Have a nice day!


Tommaso 05.05.10 at 3:04 am

Henry, looking at your numbers, Reaganism looks great to me:

(1.06^12)(1-0.0725) =1.87

Between 1995 and 2009, Ireland’s GDP almost doubled*. This seems a pretty good deal to me.

* the growth rate for GDP in 2008 is omitted in your article, the calculation above assumes it is zero. Assuming GDP fell by 7.25 percent in 2008 too, you would get 1.73, still a big number.


dilbert dogbert 05.05.10 at 3:58 am

As we say in the U S of Hay: ” It ain’t over till its over” or ” The Fat Lady Hasn’t Sung Yet”.


Substance McGravitas 05.05.10 at 4:01 am

As we say in the U S of Hay: ” It ain’t over till its over” or ” The Fat Lady Hasn’t Sung Yet”.

Oh boy, looking forward to the end of Ireland so we can properly assess it.


dsquared 05.05.10 at 7:08 am

The 6% is an arithmetic average – because the really high growth was at the start of the 1996-2006 period (and therefore is subject to compounding later), the actual geometric average growth was 7.4% pa during the period, and Irish GDP in 2006 was about 2.2x the 1005 level.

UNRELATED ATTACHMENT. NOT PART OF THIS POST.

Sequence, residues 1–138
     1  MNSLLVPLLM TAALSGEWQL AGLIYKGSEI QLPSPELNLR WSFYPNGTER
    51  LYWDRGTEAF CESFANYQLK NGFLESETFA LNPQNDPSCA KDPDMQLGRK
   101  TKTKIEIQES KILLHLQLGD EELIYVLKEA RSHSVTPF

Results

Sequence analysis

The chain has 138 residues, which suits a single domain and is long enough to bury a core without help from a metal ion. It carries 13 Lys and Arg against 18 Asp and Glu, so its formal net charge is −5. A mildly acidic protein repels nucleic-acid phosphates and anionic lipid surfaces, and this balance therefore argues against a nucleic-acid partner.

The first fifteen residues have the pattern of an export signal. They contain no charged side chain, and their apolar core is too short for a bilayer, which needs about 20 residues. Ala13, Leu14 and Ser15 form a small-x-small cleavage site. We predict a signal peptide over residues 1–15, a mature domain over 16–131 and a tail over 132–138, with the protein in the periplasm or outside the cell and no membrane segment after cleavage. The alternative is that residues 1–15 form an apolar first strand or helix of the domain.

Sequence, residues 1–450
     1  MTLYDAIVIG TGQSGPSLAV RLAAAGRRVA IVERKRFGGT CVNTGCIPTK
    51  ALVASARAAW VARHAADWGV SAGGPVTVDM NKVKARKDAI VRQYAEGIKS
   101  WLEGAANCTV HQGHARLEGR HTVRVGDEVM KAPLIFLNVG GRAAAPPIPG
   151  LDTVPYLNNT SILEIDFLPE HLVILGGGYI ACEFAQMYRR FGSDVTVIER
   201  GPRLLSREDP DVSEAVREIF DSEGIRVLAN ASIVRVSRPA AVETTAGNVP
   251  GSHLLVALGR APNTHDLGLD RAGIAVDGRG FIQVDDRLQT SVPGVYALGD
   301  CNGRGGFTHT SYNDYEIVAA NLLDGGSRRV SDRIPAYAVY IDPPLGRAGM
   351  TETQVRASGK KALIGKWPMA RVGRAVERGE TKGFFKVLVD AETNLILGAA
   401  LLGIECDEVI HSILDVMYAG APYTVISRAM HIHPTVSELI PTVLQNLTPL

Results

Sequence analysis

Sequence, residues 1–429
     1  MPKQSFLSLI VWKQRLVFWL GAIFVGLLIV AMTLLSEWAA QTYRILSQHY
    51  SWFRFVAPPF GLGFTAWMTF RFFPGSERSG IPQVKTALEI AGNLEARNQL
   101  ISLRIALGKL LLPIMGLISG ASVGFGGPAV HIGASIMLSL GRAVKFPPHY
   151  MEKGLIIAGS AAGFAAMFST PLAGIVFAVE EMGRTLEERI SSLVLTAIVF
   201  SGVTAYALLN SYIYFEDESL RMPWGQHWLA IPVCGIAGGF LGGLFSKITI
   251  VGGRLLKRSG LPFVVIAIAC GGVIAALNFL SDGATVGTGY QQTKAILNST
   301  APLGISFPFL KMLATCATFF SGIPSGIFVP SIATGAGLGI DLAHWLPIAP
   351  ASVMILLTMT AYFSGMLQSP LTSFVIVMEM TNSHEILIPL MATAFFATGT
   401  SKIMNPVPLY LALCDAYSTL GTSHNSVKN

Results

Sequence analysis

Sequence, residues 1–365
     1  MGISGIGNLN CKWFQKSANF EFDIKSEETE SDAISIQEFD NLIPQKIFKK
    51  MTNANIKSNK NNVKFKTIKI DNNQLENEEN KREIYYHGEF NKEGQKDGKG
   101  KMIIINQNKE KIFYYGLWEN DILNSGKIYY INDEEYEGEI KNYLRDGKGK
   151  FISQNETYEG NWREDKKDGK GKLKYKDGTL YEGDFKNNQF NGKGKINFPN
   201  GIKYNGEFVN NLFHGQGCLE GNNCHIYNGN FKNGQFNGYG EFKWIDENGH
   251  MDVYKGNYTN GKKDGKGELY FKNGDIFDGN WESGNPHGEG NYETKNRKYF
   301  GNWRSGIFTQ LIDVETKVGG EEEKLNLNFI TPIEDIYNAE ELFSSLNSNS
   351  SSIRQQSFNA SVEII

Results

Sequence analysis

However, falls at the end of the period have the same compounding effect – the years 2007-9 take the 14 year average compound growth rate down to 5.3%. If the Irish economy shrank by 7% in both of 2010 and 2011, that would bring the 16 year growth rate down to 3.5% and anything worse than that would make it decidedly not worth their bothering.

I think that Tommaso has a point and the breakeven calculation is actually quite favourable to Ireland – they really did get quite substantial benefits from the 1990s-2000s boom, and there were genuine changes in the Irish economy during the period (massive changes in the employment status of women, not least). It’s just that what they didn’t have was a model for the rest of the world or a Reaganite success story.

(O’Toole’s book does actually recognise that the boom years weren’t all bad and Ireland changed for the better in lots of ways).


dsquared 05.05.10 at 7:13 am

#2, #6, #7 : Henry didn’t warn us that even pre- the striptease, Cathleen ní Houlihan appeared to us in Flatley’s vision in the guise of an Aer Lingus stewardess. I suppose we should thank our stars it wasn’t Ryanair.


JoB 05.05.10 at 7:45 am

3- But it can. Going out on a limb here: wasn’t Ireland just squeezed between Reagan & Thatcher, then decided to join ’em, then overdosed?

As with Iceland, the interesting thing is how the diffuse owners of international capital put up a success tory of low tax deregulation that went completely bust but is still used as what Greece et al. should have been doing all of this time.